The advent of the modern aftermarket parts industry turned amateurs into craftsmen. As the industry addressed its needs the market only clamored for more, resulting in a rich catalog of problem-solving parts. Forget updating a car; you can build one entirely from scratch using all aftermarket or reproduction goodies.
But the industry isn’t without flaw. Of course there are poorly designed parts to blame but even the best designed and built ones don’t fit all cars the same. Loose manufacturing tolerances were the rule and not the exception when our cars were made and more than one properly designed part has been blamed for not fitting a sloppily built car.
And sometimes we’re our own worst enemies. Whether someone didn’t know to specify or another to ask, a seemingly insignificant detail about the ’39 Chevy at Thun Field Rod & Custom went overlooked, specifically whether it came with a beam axle or independent front suspension. And as Marshall Woolery found out after he’d removed the stock front suspension there really is a difference in the frame, albeit minor. Sal Solorzano at Total Cost Involved Engineering confirmed it, and even though he said beam-axle ’39s, like Woolery’s customers aren’t exactly common, he said someone should’ve still confirmed it. We didn’t know where the mix-up was but Solorzano still offered to correct the issue. Fortunately it was easier to make the part fit than it was to return it for the correct one.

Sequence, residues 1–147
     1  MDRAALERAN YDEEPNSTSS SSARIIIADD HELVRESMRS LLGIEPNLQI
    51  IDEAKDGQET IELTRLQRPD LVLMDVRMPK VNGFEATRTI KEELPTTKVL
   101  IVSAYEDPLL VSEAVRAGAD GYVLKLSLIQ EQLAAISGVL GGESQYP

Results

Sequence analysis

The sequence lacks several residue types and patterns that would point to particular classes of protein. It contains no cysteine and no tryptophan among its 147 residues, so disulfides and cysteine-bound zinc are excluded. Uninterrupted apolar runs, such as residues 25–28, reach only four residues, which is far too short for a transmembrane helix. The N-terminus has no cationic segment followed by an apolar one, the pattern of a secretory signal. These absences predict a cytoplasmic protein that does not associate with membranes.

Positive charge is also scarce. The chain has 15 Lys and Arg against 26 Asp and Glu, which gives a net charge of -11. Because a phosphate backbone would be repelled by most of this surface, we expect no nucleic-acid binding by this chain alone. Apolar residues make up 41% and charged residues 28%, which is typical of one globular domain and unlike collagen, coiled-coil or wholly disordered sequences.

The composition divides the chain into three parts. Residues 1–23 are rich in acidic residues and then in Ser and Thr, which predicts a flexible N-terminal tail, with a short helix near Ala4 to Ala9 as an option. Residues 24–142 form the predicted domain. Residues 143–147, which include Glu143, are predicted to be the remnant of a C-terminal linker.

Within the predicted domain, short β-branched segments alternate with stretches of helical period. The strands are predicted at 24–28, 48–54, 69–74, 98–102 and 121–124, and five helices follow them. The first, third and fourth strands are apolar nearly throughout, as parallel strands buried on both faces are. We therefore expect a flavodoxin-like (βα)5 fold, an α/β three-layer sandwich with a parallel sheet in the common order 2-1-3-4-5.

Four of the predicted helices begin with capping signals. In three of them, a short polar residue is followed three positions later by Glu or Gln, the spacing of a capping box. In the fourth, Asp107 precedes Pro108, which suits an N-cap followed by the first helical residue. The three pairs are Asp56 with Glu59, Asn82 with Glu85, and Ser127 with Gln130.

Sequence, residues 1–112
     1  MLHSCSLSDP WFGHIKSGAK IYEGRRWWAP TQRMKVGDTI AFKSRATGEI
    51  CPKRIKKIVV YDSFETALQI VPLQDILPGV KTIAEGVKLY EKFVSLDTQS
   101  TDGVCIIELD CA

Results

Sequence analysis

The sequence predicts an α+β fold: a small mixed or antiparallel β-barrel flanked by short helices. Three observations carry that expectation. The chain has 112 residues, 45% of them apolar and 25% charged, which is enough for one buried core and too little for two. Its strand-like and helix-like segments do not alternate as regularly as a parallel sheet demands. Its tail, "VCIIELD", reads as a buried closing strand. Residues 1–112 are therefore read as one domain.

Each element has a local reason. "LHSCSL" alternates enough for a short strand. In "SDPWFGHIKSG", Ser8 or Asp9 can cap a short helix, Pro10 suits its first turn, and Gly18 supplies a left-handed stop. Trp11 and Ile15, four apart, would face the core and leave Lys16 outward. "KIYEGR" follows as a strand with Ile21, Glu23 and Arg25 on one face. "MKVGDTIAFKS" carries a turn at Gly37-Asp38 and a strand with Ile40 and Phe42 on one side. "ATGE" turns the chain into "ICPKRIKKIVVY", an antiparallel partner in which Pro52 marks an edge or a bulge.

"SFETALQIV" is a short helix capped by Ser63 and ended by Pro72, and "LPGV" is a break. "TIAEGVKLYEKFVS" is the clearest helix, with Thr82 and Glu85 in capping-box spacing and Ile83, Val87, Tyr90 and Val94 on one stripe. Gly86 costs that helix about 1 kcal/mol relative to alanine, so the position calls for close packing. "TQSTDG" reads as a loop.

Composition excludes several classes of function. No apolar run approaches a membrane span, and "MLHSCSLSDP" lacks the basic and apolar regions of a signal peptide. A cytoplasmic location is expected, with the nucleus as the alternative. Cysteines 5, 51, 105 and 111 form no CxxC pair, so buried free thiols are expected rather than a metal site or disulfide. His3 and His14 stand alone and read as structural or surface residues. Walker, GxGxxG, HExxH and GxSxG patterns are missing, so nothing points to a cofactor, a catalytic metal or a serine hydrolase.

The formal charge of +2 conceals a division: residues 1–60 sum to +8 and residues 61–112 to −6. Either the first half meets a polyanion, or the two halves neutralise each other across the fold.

That wasn’t the extent of the problems either. Even though the beam axle and IFS frames share the same general shape two more critical parts didn’t fit the way the instructions specified. We chalked it up to the frame’s manufacturing tolerances. Then Woolery realized that we could save a ton of work down the line simply if we retained a chunk of a part that the instructions said to remove entirely.
An opportunity arose within these issues: we can learn from the ways that Woolery used to address them and the opportunities he encountered in this car’s transformation. It underscores the frequently overlooked idea that the difference between a good car and a great one are not necessarily in the parts but in the way they’re put together. In other words, details matter. And over the next few months we’ll show just how they do.